Game and Fish: No trouble monitoring Wyo. wolves

Associated Press Published: November 14, 2012
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Tracking wolves has been no problem because Game and Fish biologists already have extensive experience monitoring other animals including bears and mountain lions, Bruscino said.

"We will build off of the existing body of knowledge and research on Yellowstone area wolves. But I think more of our focus will be on whether wolves are or aren't impacting specific ungulate populations, and to what degree they may be impacting," he said.

The information will help Game and Fish determine hunt limits for wolves as well as for ungulates, namely moose and elk.

"In some situations, wolves do have a measurable impact on ungulate population. And then, in some circumstances, they do not. So we want to get a better handle on what herds may be impacted and to what extent," Bruscino said.

Game and Fish has added radio collars to five wolves since August. Radio collars could be added to more wolves after the hunting season, with the goal of having radio collars on at least two wolves in each reproducing pack.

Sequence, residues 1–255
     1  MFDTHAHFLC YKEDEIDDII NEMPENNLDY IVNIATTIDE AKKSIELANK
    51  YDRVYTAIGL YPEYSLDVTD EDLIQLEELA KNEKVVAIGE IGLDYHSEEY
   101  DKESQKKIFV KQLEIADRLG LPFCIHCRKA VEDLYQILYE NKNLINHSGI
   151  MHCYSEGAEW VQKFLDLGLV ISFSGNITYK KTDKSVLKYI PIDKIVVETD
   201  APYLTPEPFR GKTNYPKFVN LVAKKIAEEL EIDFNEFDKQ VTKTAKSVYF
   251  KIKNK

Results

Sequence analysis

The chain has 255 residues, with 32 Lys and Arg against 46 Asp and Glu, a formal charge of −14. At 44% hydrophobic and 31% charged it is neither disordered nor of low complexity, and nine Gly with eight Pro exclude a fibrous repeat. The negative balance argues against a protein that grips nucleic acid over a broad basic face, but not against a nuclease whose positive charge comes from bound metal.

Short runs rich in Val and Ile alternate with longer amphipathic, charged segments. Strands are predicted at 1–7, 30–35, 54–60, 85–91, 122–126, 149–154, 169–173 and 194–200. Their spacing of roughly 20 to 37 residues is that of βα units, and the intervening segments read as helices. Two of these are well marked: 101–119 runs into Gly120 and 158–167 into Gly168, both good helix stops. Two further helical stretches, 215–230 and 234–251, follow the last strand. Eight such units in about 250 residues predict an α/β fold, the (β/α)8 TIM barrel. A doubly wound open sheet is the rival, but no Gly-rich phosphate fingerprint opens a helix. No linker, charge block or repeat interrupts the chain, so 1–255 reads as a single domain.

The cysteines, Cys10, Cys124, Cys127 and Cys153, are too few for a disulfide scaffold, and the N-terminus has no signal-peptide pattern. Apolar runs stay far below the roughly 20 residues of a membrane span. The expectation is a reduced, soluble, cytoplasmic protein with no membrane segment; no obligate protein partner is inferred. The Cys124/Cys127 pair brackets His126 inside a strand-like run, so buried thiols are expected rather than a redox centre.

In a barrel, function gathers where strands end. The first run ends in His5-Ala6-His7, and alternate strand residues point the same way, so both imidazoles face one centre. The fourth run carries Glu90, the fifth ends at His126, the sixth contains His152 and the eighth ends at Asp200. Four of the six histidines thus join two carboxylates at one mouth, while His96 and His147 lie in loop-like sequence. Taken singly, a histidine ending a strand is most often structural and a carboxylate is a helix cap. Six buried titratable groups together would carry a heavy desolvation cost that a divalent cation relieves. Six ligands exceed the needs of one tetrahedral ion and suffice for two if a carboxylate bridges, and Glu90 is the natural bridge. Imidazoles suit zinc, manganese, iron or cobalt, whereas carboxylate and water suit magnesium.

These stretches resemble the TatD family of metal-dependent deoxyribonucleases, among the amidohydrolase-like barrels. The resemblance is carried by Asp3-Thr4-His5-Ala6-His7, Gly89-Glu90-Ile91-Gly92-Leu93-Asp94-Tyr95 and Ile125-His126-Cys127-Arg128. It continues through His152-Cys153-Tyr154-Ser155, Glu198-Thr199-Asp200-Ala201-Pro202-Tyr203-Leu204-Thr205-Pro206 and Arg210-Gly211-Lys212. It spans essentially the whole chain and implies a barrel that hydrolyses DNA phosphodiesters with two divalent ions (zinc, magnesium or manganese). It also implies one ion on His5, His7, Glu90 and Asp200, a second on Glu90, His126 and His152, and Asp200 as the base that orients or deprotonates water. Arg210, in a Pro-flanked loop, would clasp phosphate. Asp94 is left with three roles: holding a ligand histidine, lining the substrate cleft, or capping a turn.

Tracking radio-collared wolves involves flying over the region at least a couple times a month to pick up signals and, if possible, spot and count wolves on the ground.

"I would call this a transition period from the research standpoint. We're working with the research partners to finish up pending research, and we'll look at other proposals with our research partners or internally as it comes up," Bruscino said.

Game and Fish will coordinate with Yellowstone to release annual reports on Wyoming's wolf population. Last year, Yellowstone's wolf count was at least 100 animals.

The report on Wyoming's 2012 wolf population will be released by mid-March.